As part of getting ready for the 2018 election cycle, election officials in Florida have received training from the University of West Florida’s Center for Cybersecurity. WUWF’s Dave Dunwoody reports.
The Center taught the courses in Tallahassee, Miami, Orlando and St. Augustine last month.
“[An election] is an ongoing target; it’s a very fast-moving field. Every breach that occurs, every new threat that comes up, has a little bit of a different twist to it,” says Eman El-Sheikh, Director of the UWF Center for Cybersecurity.
One of its missions is building a culture of cybersecurity throughout Florida. One goal to that end involves building partnerships.
“We have partnered with the Florida Agency for State Technology earlier this year, to offer some training to state agency personnel,” said El-Sheikh. “One of our sessions involved working with state elections officials and we talked about doing more in-depth training for election supervisors, and [information technology] personnel involved in elections across the state.”
The training was based on guidelines and practices from the Department of Homeland Security. The focus was on foundational topics that everybody needs to know, says El-Sheikh, along with risk management, policy and dealing with such attacks.
“Understanding what threats are, what type of vulnerabilities exist, what they would look like to a person using their computer,” El-Sheikh said. “And what they would do if they see that.”
And the training is not “one and done.” One of the Center’s partners is the firm Metova CyberCENTS for the task of setting up the “Florida CyberRange.”
“We’ve showed them phishing scams; ransomware, [and] malware attacks,” said El-Sheikh. “We could actually not just talk about them, we can show them what it would look like to them as an end-user, and what they could do to try to prevent that from affecting their systems.”
“It’s something that was a [sic] area of increased focus for election officials, not only in the State of Florida but across the country,” says Escambia County Elections Supervisor David Stafford, who also Co-Chairs the National Association of Election Officials.
While the courses last month dealt with the latest threats, Stafford says cybersecurity is not exactly a new issue.
“We’ve had presentations, and my staff and I have had some additional training prior to this,” Stafford said. “Some of the challenges are out there and some of the ways to mitigate some of those with some work on the cyber-range, which was pretty fascinating.”
Homeland Security report digital systems in 21 states leading up to the 2016 election were targeted by Russia-aligned hackers -- who in a small number of cases broke into databases. But Paul Lux – Okaloosa County’s elections chief – says no voting equipment was compromised and there was no tampering with vote tallies.
“Mainly it stems from the various reported phishing attempts, et cetera,” Lux says. “What we’ve done by partnering with the University of West Florida Cybersecurity group is created a curriculum to better educate on a slightly more in-depth level.”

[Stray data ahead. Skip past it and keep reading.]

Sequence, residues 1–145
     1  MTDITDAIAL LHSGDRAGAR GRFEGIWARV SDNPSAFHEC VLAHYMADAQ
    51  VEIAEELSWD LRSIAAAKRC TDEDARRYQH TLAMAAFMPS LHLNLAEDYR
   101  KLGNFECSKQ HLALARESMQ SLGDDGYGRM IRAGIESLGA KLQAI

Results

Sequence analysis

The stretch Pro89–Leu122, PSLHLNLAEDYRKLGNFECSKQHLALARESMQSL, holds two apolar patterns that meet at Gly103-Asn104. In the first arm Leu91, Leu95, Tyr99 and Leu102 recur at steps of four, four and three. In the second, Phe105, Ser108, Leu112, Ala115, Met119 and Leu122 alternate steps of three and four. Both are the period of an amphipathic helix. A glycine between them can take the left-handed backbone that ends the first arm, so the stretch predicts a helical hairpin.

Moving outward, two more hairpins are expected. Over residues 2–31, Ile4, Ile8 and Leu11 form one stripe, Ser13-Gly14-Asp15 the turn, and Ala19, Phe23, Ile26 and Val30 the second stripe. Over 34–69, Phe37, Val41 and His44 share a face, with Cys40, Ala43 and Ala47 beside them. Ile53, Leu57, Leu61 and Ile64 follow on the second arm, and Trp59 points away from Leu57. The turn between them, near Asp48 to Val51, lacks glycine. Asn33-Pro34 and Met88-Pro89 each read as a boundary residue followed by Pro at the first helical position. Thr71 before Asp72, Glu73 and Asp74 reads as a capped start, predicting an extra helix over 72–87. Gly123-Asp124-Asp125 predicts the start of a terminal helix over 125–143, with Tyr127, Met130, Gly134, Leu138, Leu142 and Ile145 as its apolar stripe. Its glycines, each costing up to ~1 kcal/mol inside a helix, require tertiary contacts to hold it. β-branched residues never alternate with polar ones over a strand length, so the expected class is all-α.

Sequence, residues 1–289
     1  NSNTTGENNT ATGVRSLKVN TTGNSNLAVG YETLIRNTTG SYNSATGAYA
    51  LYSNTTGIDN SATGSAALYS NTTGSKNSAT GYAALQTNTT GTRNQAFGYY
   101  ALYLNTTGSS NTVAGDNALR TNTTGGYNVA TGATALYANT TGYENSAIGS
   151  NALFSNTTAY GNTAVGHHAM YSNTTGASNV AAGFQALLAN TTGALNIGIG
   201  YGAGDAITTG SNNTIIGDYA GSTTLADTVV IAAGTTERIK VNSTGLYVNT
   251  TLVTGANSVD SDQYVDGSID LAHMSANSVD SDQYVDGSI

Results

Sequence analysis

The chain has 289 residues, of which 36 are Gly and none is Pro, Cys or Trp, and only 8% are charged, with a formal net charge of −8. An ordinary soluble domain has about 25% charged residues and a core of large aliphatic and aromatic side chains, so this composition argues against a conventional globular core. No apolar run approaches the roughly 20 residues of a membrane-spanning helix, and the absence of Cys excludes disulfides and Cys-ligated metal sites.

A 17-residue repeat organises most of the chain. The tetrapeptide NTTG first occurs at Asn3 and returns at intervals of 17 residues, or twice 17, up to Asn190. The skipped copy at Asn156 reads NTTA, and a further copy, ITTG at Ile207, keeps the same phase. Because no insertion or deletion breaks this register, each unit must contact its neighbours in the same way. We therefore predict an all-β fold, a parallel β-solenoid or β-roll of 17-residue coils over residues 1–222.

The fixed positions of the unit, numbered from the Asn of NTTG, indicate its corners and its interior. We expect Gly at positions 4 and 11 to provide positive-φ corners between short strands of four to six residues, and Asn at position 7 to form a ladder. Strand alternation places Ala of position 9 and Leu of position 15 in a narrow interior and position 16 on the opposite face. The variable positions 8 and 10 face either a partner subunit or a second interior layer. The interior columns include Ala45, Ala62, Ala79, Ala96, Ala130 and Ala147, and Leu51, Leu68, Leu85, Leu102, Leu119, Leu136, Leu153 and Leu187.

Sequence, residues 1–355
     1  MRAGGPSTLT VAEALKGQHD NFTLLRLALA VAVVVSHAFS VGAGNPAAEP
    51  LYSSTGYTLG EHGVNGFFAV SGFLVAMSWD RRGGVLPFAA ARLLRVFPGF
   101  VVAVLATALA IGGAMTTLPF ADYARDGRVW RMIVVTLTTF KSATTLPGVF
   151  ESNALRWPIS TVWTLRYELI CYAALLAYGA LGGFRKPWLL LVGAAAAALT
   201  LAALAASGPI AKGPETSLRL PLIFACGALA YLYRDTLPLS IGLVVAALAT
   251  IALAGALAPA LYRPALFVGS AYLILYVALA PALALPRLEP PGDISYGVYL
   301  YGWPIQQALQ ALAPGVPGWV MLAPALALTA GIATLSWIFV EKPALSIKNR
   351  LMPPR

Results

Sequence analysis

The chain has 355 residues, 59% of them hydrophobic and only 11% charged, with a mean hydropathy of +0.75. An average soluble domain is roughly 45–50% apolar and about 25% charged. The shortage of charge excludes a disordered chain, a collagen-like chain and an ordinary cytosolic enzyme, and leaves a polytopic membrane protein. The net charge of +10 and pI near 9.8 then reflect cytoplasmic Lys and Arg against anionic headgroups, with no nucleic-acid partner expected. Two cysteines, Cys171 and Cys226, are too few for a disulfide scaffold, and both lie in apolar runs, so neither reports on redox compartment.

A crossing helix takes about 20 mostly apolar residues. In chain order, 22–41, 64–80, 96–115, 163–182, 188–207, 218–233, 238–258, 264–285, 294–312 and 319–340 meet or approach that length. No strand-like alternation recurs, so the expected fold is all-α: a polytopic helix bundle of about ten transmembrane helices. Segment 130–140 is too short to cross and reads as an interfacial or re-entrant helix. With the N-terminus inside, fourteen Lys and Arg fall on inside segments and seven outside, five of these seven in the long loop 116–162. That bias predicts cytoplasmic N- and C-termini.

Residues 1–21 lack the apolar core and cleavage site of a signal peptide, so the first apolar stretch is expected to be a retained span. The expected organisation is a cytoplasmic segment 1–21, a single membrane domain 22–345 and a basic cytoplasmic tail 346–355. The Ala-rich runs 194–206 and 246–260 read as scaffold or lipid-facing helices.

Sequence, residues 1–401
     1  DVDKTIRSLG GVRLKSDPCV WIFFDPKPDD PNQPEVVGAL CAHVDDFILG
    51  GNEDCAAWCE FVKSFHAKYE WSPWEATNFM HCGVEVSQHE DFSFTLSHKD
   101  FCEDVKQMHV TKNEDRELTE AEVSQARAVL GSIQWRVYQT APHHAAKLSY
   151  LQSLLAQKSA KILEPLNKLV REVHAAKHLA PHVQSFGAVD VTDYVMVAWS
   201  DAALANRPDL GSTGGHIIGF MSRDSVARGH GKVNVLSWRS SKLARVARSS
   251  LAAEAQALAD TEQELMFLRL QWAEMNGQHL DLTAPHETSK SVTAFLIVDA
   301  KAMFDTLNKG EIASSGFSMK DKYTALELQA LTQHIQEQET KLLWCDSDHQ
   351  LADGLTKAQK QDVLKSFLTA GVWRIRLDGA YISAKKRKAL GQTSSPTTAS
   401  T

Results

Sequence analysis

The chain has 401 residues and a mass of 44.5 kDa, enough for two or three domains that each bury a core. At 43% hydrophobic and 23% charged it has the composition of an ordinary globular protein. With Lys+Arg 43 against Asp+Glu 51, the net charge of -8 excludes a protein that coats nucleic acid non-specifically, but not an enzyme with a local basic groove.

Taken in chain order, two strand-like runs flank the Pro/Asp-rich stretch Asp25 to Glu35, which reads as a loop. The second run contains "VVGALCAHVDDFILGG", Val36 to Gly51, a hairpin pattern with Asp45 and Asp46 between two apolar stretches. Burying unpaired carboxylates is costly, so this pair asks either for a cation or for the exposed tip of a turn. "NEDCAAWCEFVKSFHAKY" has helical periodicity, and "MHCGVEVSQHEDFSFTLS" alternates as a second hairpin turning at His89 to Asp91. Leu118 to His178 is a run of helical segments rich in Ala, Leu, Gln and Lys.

Among the lessons brought back to his office was how to react when you realize you’re in one of those situations. Lux says it wasn’t long before they had to put some of that knowledge to work.
“Less than three days after we came back from that class, we had an incident involving one of our computers, and we were ready to spring into action,” said Lux. ”The county’s prevention software actually stopped it, but it was just a good, first drill for a real-life scenario.”
In a letter to Florida Sec. of State Ken Detzner, U.S. Senators Bill Nelson and Marco Rubio urged supervisors to take advantage of help from the Department of Homeland Security to beef up the systems. Escambia’s David Stafford is hoping that the check is in the mail.
“Almost $400 million that was appropriated in the last spending bill, that was to flow down to [the] states,” Stafford said. “Florida has moved pretty rapidly to draw on their resources and make that available, hopefully soon, to those of us at the local level to be able to enhance our security presence.”
Some states initially were suspicious of Homeland Security’s efforts, fearing a federal takeover of elections that historically are conducted at the state and local levels. Florida does have one, un-hackable old-school advantage says Okaloosa County’s Paul Lux.
“In Florida, with the exception of voters with disabilities that use the touch screen devices, all voting is by paper ballot through the year 2020,” said Lux. “By then everyone – even the [Americans with Disabilities Act] accessible equipment will be required to generate a paper ballot.”
The physical security of Florida’s tabulation systems is such, says Lux, that they’re never connected to the outside world.
More information about the UWF Center for Cybersecurity and its various programs can be found at www.uwf.edu/cybersecurity.